Literary Type — September 2002

    War Letters: Extraordinary Correspondence from American Wars edited by Andrew Carroll and published in September, 2001, carries a short letter written by D. Michael Van DeVeer (Liberia 1960s) to his brother John. It is on page 478 in the new Afterword of Carroll’s collection.
         In 1998, Andrew Carroll founded the Legacy Project, with the goal of remembering Americans who have served their nation and preserving their letters for posterity. He has been (and still is) a great supporter of our efforts to publish Peace Corps letters. We were able to provide him with Van DeVeer’s letter, with the writer’s permission.

  • Peter Lefcourt (Togo 1962–64) has a new book coming out in January from Simon & Schuster. It is his sixth novel. Entitled Eleven Karens, the novel is the story of his love affairs with eleven women named Karen, one of whom he met while serving in the Peace Corps in West Africa.

  • Appearing in the Washington Post on August 20, 2002 was the Op-Ed, “Bigger Peace Corps, Paltry Effort” written by PCV Mark Shahinian (Ivory Coast 2001–   ), a 1998 graduate of Dartmouth, now a health Volunteer in the Ivory Coast. Shahinian wrote about his objection to increasing the Peace Corps numbers overseas. Among other issues, Shahinian makes this point:

    Doubling the size of the $275 million, 7,000-volunteer Peace Corps wouldn’t do much to alleviate the poverty and hopelessness that foster terrorism. For, in reality, the Peace Corps does more to make us Americans feel good about ourselves than it does to fight that poverty. Instead, we need to change the economic policies that I often find punishing the very villagers I am trying to help.

  • In The New York Times Travel Section on Sunday, September 1st was an article on an American returning to Senegal to show his sister “a complex and joyful nation.” The author of the piece is Michael McColly (Senegal 1881–83). McColly is writing a book about AIDS activism that includes Senegal and had been traveling in West Africa when his sister joined him in Dakar. McColly writes of returning to his Peace Corps village:

      . . . my village mother rang an old tire rim and called the women to the chief’s compound to greet Jody and begin the preparations for the ceremonial meal. After Jody was given a Senegalese name — Khady Mbaye, the same as the chief’s wife — we were blessed and greeted by waves of villages, who howled with laughter when I tried to recall names and speak in my broken Wolof.

  • Suzanne Clark (Mauritius 1973–75) turned her Peace Corps tour with her husband Vern into a self-published book written during Life Story writing classes in Sebastopol, California. “I kept a journal while we were overseas and our children saved the letters we wrote, and we took jillions of slides and Vern and my combined memory helped put the story together.” Her short book of 44 pages ends with “As the wheels left the tarmac, our last view of the island was white sandy beaches and the deep blue of the Indian Ocean before Mauritius disappeared in the misty clouds.” Suzanne’s record of her years overseas is a wonderful way to capture the Peace Corps tour and save it in prose for the next generation.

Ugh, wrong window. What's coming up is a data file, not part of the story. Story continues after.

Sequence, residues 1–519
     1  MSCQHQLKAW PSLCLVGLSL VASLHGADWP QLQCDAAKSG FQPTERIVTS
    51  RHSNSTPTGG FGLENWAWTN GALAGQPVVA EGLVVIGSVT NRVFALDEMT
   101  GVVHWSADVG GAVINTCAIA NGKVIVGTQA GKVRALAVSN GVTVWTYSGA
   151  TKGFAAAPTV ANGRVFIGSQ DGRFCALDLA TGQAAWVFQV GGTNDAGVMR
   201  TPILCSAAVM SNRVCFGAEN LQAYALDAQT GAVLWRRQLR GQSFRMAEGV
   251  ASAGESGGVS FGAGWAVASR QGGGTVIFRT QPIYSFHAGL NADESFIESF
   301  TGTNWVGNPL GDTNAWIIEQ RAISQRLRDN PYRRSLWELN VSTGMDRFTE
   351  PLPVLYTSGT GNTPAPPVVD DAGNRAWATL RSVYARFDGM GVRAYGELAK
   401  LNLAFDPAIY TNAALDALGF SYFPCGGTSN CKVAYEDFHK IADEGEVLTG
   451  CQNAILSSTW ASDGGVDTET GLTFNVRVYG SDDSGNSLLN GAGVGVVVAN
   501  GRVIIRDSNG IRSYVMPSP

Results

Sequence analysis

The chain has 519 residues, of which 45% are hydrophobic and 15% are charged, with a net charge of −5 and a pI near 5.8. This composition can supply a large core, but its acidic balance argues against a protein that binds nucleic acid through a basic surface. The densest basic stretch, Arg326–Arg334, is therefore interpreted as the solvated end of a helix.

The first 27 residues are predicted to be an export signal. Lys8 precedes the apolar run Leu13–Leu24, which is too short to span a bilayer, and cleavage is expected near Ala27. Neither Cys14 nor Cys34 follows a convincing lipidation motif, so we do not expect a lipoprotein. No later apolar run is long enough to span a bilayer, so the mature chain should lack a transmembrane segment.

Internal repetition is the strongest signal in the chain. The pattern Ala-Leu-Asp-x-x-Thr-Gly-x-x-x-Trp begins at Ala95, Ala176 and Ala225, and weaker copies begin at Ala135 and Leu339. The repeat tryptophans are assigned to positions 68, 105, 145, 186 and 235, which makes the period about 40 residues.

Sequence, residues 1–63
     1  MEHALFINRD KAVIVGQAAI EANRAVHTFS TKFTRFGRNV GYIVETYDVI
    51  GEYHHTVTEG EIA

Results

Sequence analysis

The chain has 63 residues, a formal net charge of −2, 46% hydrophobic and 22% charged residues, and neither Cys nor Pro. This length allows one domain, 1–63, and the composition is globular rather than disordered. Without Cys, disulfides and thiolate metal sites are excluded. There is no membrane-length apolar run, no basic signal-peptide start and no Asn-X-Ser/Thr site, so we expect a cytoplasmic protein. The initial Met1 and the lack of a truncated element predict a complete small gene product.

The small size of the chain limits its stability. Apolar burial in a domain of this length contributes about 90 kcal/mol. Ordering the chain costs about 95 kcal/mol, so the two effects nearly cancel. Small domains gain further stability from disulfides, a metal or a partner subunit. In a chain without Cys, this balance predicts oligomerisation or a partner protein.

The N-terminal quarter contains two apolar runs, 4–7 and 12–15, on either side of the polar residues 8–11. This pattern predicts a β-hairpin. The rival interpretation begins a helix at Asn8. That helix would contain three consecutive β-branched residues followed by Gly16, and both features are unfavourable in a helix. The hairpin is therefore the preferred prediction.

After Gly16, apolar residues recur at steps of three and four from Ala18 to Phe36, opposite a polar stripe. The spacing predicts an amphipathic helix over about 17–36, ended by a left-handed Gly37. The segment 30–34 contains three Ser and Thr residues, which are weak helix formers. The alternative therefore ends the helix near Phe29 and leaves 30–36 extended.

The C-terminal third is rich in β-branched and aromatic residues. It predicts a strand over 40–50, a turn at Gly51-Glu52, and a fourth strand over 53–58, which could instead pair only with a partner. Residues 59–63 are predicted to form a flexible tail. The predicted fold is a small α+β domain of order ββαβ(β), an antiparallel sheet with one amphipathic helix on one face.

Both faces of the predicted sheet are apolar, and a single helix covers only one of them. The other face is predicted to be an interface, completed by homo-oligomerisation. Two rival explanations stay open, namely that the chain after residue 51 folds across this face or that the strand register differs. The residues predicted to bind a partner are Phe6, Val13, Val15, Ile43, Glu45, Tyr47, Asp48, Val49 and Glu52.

• Peter Hessler (China 1996–98) had a piece in the September 2 issue of The New Yorker entitled “Beach Summit.” Hessler lives in China and writes frequently about China and other Asian countries. His book River Town: Two Years on the Yangtze was recently issued in trade paperback.

  • Kinky Friedman’s (Borneo 1967–69) latest is Meanwhile Back at the Ranch, the 15th of his mystery series starring the detective Kinky Friedman. Reviewing the novel in the Sunday, September 8 issue of the Los Angeles Times Book Review, reviewer Michael Harris writes, “In one way, Kinky Friedman’s mystery novels are unlike anybody’s else’s — witty parodies of the genre in which we’re always a little surprised that characters do go kidnapped or murdered and that Kinky Friedman (the author’s detective alter ego) is able to solve the case. He’s a humanist, an animal lover, given to bawdy wisecracks and poetic musings — the runniest yolk in a hard-boiled field.”

  • Thomas Tighe (Thailand 1986–88; Peace Corps Chief-of-Staff 1995–00) had an op-ed about 9/11 in the Santa Barbara News Press that appeared on Sunday, September 22. Among other points, Tighe wrote, “We have learned a lot about what we do not know and what is not simply black or white. As we go forward in the new millennium, it is the quality of our thoughts and insights that will enhance our people, our country, and our contributions to the fragile world in which we live.”

  • In The New York Times Book Review section on Sunday, September 29, George Packer (Togo 1982–83) reviewed Why Orwell Matters by Christopher Hitckens.

  • Good news. Norm Rush (Botswana PCD 1978–83) has finished his long awaited new book. Entitled Mortals, the novel will be published in June of 2003. It’s the last of his Africa trilogy. The two earlier titles: Whites and Mating.

  • This spring, Anne Panning (Philippinse 1988–90) won the Cecil B. Hackney Literary Award from Birmingham-Southern College, for her novel manuscript, Carrot Lake, Carrot Cake. Anne also had a short story, “babysitter,” published in Issue One (May 2002) of Quick Fiction, which publishes stories and narrative prose poems of under 500 words.
              Anne will be presenting a reading in Ithaca, New York on October 24th.